A Johns Hopkins Children Center study using medical records from an international registry concludes that female babies with congenital diaphragmatic hernia (CDH) are slightly more likely to die within 30 to 60 days of birth than male ...
Amelia Lavenski is a 4-year-old girl from Anne Arundel County, Maryland, who has a bright personality and loves laughing and Mickey Mouse.
Children in the pediatric intensive care unit (PICU) are typically among the sickest patients in the hospital. For physicians everywhere, testing and ordering routine blood draws is an important part of making a diagnosis.
A Johns Hopkins Children’s Center study of medical records concludes that delaying surgical treatment of the anterior cruciate ligament, or ACL, in some children is associated with a higher risk of new tears in the meniscus and cartilage ...
The 23rd edition of The Harriet Lane Handbook — a widely used, pocket-size reference book known as the “bible of pediatrics” for physicians around the world— is now available.
Jeffrey Fadrowski, a pediatric nephrologist and an associate professor of pediatrics at Johns Hopkins, has been elected to the International Pediatric Nephrology Association (IPNA) council.
Pranita Tamma, M.D., M.P.H., pediatric infectious diseases specialist and researcher and associate professor of pediatrics, has been awarded the seventh annual Gale and Ira Drukier Prize in Children’s Health Research from Weill Cornell Medicine.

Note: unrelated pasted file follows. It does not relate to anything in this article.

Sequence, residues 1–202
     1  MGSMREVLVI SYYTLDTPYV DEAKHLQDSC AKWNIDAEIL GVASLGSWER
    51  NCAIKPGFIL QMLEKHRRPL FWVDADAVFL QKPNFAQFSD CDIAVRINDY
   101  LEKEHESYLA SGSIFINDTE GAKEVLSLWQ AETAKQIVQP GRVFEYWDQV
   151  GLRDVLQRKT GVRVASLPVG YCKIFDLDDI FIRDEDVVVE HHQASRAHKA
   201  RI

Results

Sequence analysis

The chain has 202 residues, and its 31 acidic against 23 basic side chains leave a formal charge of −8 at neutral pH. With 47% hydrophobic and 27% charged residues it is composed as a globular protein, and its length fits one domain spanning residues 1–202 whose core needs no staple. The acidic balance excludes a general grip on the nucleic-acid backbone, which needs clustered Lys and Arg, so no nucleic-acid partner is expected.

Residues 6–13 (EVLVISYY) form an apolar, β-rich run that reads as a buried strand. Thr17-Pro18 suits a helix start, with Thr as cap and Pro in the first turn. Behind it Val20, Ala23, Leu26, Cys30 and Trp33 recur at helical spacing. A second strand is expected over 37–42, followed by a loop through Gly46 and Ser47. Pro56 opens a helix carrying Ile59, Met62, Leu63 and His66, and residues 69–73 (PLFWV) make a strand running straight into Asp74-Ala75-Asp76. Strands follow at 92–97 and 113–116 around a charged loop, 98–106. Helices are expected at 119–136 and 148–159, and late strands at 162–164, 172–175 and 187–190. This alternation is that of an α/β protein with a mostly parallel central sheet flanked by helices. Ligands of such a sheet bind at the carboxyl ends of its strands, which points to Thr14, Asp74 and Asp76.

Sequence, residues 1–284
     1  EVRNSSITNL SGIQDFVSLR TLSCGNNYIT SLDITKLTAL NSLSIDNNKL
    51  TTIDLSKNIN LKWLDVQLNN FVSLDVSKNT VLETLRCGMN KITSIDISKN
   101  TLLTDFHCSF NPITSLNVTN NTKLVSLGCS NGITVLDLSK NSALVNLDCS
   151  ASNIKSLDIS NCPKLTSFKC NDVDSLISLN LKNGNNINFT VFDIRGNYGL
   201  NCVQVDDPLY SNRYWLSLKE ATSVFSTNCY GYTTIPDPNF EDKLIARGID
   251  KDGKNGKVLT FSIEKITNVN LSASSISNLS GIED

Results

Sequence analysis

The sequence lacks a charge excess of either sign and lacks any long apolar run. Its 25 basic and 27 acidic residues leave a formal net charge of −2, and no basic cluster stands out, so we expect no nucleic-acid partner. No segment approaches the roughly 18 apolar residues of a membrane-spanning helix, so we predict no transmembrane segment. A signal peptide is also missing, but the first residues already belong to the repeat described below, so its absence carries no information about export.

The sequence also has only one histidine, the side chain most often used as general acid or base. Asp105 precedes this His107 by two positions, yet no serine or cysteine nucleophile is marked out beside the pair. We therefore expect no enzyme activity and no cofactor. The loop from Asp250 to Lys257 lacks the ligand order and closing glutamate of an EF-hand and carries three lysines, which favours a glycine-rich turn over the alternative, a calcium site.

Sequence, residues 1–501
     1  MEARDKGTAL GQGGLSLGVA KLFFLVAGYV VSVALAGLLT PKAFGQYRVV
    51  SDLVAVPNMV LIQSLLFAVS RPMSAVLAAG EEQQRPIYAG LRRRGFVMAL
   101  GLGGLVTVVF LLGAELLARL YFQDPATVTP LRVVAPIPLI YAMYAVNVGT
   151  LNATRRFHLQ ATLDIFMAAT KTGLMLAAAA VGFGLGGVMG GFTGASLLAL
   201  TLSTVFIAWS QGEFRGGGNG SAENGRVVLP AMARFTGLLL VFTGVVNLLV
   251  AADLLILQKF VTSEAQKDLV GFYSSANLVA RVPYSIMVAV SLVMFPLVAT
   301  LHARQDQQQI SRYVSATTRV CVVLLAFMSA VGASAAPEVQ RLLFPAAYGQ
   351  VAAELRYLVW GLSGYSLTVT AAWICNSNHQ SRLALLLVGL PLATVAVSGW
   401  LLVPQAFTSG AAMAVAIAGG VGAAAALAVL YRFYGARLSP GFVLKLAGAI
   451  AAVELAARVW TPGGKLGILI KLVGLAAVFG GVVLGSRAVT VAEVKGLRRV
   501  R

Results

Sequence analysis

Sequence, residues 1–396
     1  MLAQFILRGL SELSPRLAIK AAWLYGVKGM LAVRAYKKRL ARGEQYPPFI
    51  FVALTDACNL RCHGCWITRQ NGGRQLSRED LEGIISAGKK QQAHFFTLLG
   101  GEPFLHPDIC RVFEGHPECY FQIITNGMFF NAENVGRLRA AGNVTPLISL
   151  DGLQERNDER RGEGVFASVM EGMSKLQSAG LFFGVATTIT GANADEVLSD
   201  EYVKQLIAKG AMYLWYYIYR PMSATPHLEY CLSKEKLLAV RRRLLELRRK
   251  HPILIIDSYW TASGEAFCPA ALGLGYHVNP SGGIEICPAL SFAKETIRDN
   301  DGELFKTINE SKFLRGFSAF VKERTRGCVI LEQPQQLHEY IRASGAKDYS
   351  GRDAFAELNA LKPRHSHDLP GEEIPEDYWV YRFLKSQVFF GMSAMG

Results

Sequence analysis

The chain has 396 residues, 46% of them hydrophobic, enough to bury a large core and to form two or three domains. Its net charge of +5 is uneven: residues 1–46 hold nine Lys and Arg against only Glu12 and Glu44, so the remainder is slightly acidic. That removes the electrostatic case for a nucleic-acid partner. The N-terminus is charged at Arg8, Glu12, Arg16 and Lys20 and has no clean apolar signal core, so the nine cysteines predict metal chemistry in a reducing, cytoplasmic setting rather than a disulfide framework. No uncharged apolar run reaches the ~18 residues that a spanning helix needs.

Andrea Young, Ph.D., assistant professor in the Johns Hopkins Department of Psychiatry and Behavioral Sciences and assistant dean for graduate biomedical education and graduate student diversity at the Johns Hopkins University School of ...
According to the Health Effects Institute, more than three billion people around the world cook on open fires using solid fuels — or biomass — such as wood, dung, charcoal and agricultural waste. These types of stoves are not commonly ...
A federally funded study led by Johns Hopkins Medicine researchers discovered that communication among cells is altered in pregnant women who go on to develop postpartum depression (PPD) after giving birth.